- The Washington Times - Friday, March 7, 2003

The awkwardly dubbed "The Safety of Objects" has little to do with attacking materialism but everything to do with how we cling to possessions in moments of weakness.
The enigmatic new film features four suburban families whose lives intertwine because of proximity and shared miseries.
Adapted from a collection of A.M. Homes short stories, "Objects" tills increasingly familiar ground with the sort of small nudges in character and place that make it better suited for home viewing.
Writer-director Rose Troche (1994's "Go Fish") jumps from family to family, angst to angst, with little concern early on that we are following her. Eventually, most will catch up. Miss Troche clearly delineates her characters, a chore made easier by elegant performances from Glenn Close and Patricia Clarkson.
The very still center of "Objects" is Paul Gold (Joshua Jackson), a young musician left in a comatose state by a car crash. His mother, Esther (Miss Close), insists on keeping Paul at home. She tends to the machinery sustaining his life, hoping he will miraculously wake up one day. She does all this while ignoring her husband and daughter.
Miss Clarkson's character, Annette, is a middle-aged divorcee who had an affair with Paul before the accident. She's trying to keep her family together while her selfish ex-husband tries to pry away one daughter from her. The other child suffers from a vague disability and is of no apparent interest to him.
Jim (Dermot Mulroney, his "About Schmidt" mullet hairstyle mercifully snipped) is your garden variety workaholic. He would rather dart off to his legal office than be a father to his two children, and his children need some parental supervision. Son Jake is fantasizing about a Barbie-like doll, secretly carrying on as if the two were romantically engaged.
When Jim learns he has been passed over for a work promotion, he suffers a modest meltdown. He makes up excuses for not going to work. He tries to take a greater interest in keeping his home tidy, but he resists taking a deeper interest in his children's lives.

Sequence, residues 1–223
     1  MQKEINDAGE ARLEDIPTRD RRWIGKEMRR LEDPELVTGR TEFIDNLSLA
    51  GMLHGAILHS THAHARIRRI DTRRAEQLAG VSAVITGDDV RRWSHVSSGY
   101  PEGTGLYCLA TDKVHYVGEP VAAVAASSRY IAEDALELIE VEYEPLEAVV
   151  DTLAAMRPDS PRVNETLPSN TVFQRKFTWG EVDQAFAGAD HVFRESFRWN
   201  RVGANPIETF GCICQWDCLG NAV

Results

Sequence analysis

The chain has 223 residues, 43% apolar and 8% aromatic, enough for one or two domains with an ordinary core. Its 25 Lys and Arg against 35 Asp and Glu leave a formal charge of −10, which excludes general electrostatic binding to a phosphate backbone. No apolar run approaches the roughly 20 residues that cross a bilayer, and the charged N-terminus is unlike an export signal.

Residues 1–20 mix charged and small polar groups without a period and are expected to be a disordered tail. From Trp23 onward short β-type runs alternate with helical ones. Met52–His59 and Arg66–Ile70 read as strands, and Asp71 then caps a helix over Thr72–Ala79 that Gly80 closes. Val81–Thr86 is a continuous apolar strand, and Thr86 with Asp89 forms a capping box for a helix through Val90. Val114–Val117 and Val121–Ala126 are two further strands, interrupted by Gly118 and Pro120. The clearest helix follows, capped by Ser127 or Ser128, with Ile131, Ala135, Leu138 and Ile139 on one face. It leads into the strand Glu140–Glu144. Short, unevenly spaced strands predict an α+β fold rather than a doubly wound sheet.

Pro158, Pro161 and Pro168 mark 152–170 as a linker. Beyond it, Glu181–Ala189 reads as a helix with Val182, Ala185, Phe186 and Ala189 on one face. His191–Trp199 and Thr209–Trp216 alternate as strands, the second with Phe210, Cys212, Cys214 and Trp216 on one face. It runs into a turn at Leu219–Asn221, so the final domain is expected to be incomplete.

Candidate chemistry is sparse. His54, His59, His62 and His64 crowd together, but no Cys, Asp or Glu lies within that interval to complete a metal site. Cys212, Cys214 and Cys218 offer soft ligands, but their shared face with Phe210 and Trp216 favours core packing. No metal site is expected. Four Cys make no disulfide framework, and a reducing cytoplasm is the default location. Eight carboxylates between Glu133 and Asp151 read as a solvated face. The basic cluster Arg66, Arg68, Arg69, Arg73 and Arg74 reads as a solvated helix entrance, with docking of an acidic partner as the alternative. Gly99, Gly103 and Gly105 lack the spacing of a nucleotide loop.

Meanwhile, Mary Kay Place's Helen is a bored housewife obsessed with her weight and nonplussed by her husband's affections. She makes a clumsy pass at the local handyman, who later plays an eerie role in a pseudo-kidnapping and appears as lost as everyone else.
Eventually, all four story lines begin to meet. Esther signs on for a radio contest in which contestants must keep their hands placed on a new pickup truck for as long as possible to win the vehicle. Jim hears about her attempt and decides to become her coach.
Other intersections foster lighter drama and are less interesting.
Miss Troche gets only a B for her attempts to fuse several short stories into one coherent package. Watching the various players overlap isn't the organic process it should be.
The film itself takes a few creative risks. The subplot concerning Jake and his doll crush provides a few harmless giggles and is a clever twist on how an estranged boy might cope, but Jim's obsession over Esther's radio contest is less credible. We all have seen men dedicate their lives to work at the expense of their families. However, after Jim's job falters, it seems unreal that he would bury his sorrows in a relative stranger's plight. All the while, his children practically beg for his attentions, to little avail.
Most unsettling is that curious kidnapping, which begins and ends in such head-scratching fashion that it's easy to imagine the film surviving without it.
Miss Troche is much more assured orchestrating Annette's custody drama and the perils of an older woman juggling romance and parenthood.
"The Safety of Objects" takes obvious aim at the shallowness inherent in suburbia, from the beautiful homes to the picturesque settings. Yet it also celebrates the suburban social structure while refraining from outright mockery.
In one uneventful scene, Esther walks by Annette's house and notices her neighbor struggling with her lawn mower. Esther offers some simple advice and walks off. The casual encounter underscores the unspoken bond between suburban dwellers.
It's at times like that when the warmth of "The Safety of Objects" cushions the pain felt by its protagonists.

TITLE: "The Safety of Objects"
RATING: R (Brief nudity, strong language)
CREDITS: Written and directed by Rose Troche.
RUNNING TIME: 120 minutes

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